It is difficult to imagine a time when the University of Oxford was simply associated with ancient buildings, the white bow ties and mortar boards of “sub fusc”, and the archaic Latin speeches. While those images may still hold salience, my friends back home in Australia seem to think that living in this town is akin to attending Hogwarts.
Indeed, key scenes throughout the film adaptations have been set on Oxford grounds. You may recognise parts of Christ Church College, New College, and the Bodleian, as sites for Harry’s magical development. You may recognise the image below as the Great Hall at Hogwarts (minus the fabulous ceiling to the sky), but in actual fact this is the dining hall in which a few non-magic (aka muggle) students and academics eat meals every day.
Oxford has consequently become a grand setting for Potter-related activities. Walking up Broad Street or High Street, one is inundated with ads for Harry Potter tours and shop displays of film merchandise in the bright colours of the four houses. One less expensive activity is in playing Quiddich.
For those unacquainted with Quiddich as designed by JK Rowling, the game unfolds on flying broomsticks, high in the air. Three lollipop hoops are placed on either side of the field. Points are scored by designated chasers with a ball called a quaffle. Ten points are scored per goal. Beaters can upset gameplay by unleashing the wrath of injurious balls called bludgers which are presumably enchanted for maximal sadism. At key moments of the game, a hummingbird-like tiny gold ball called the snitch is unleashed. The designated seeker for each team aims to catch this ball. When they do so, the game ends. They are also awarded 150 points which often renders the earlier component of the game irrelevant to the final outcome.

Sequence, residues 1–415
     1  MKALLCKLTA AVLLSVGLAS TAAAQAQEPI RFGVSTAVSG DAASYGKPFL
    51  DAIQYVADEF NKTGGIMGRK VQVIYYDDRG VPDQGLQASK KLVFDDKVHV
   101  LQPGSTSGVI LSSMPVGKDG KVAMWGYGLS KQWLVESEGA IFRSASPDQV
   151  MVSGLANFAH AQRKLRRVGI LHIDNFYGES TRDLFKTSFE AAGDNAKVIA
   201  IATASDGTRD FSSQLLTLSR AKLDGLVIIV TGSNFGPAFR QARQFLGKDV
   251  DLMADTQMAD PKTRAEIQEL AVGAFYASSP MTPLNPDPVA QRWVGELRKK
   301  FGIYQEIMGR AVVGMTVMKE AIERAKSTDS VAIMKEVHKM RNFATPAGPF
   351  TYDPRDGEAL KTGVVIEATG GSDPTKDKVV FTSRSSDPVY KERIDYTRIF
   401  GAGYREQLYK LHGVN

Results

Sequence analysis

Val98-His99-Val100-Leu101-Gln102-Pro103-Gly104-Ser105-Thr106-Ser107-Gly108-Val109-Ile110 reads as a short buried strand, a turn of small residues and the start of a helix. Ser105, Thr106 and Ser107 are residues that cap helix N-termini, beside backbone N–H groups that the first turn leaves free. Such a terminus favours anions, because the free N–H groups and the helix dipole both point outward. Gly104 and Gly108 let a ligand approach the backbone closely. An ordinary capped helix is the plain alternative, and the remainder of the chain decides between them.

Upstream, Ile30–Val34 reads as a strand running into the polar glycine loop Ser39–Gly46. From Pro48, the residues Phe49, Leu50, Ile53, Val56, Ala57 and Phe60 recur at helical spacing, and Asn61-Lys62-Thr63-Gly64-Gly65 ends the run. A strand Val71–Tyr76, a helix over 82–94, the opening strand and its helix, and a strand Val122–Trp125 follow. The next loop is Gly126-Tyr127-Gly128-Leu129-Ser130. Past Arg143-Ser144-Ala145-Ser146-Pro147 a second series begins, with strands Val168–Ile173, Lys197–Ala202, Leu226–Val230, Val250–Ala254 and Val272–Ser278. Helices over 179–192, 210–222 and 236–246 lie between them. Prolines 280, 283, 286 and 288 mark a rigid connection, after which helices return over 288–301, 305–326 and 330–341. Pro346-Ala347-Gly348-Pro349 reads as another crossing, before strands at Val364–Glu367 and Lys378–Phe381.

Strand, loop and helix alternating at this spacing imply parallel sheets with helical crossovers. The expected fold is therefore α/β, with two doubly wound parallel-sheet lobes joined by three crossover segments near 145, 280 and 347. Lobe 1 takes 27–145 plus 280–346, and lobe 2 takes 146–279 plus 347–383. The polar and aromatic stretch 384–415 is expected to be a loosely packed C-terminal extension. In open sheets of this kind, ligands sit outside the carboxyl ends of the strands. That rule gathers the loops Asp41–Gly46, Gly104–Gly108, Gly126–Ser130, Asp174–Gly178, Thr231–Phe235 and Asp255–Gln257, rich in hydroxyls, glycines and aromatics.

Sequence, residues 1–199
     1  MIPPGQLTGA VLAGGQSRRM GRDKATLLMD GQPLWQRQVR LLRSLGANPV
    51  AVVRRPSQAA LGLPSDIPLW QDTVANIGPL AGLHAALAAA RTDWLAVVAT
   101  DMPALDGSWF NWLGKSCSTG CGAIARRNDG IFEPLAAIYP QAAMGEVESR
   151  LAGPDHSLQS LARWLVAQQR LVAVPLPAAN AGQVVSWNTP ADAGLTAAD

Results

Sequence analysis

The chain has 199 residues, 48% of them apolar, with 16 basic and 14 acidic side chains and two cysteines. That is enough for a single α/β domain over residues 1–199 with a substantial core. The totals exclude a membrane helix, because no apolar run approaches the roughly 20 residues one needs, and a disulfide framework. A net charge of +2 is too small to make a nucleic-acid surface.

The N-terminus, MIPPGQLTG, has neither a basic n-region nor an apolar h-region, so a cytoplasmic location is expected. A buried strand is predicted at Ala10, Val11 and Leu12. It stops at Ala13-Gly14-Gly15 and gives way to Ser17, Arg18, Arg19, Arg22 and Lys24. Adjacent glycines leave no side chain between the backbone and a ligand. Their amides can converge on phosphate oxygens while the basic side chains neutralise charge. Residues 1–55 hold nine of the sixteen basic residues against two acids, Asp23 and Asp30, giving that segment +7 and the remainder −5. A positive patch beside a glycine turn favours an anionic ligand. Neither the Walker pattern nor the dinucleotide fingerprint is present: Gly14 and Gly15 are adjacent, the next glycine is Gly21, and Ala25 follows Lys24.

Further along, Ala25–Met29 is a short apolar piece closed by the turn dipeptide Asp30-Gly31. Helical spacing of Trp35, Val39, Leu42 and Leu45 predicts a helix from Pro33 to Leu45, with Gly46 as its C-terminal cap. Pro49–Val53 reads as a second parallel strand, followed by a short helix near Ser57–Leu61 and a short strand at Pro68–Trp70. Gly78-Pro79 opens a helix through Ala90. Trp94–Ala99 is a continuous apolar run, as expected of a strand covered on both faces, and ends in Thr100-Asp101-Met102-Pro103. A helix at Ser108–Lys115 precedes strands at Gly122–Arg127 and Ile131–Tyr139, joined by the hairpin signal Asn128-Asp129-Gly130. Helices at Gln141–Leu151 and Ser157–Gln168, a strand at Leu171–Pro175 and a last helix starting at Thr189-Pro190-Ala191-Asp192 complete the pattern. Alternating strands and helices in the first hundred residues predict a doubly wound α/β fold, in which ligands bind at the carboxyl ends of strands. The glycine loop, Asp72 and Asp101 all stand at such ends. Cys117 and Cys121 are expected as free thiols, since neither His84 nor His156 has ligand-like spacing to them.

JK Rowling’s rich source material on the rules and history of Quiddich poses some challenges for muggle folk. To begin with, our broomsticks do not have flying, or even hovering capacities. Secondly, the provision of seemingly sentient equipment, as found in the tiny, game-winning snitch or in the violent bludgers, is beyond the scope of our existing sports ball technology.
These matters are of little concern in muggle Quiddich. Players simply run on the field with a PVC broom between their legs, no flying necessary. The snitch is replaced by an actual person who wears yellow and places a sock with a tennis ball inside on the back of their shorts. They attempt to avoid the outstretched arms of both teams’ seekers looking to capture the tennis ball. When the snitch is caught in this version, it is only worth 30 points. The bludgers are replaced by dodgeballs which have the power to compel hit players to dismount their broom and drop whatever ball they are holding. They drop it because it’s in the rules, not because they are dreadfully injured.
While Oxford appealed to the president of the Oxford Quiddich Club, David Dlaka initially as a place to study physics, playing Quiddich at Oxford specifically is appealing. ‘It does carry a certain aura of “wow”.’ That said, not all Quiddich players are Harry Potter fans. Some have never even read the books.